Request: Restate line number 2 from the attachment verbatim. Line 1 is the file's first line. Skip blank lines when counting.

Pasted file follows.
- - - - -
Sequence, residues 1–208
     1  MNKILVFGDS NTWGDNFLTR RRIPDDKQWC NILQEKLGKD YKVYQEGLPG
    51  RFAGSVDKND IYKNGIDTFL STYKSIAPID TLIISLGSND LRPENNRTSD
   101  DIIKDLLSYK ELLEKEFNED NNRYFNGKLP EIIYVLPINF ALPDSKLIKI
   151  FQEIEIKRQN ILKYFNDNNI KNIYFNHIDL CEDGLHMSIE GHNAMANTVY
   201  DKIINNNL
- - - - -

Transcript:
     1  MNKILVFGDS NTWGDNFLTR RRIPDDKQWC NILQEKLGKD YKVYQEGLPG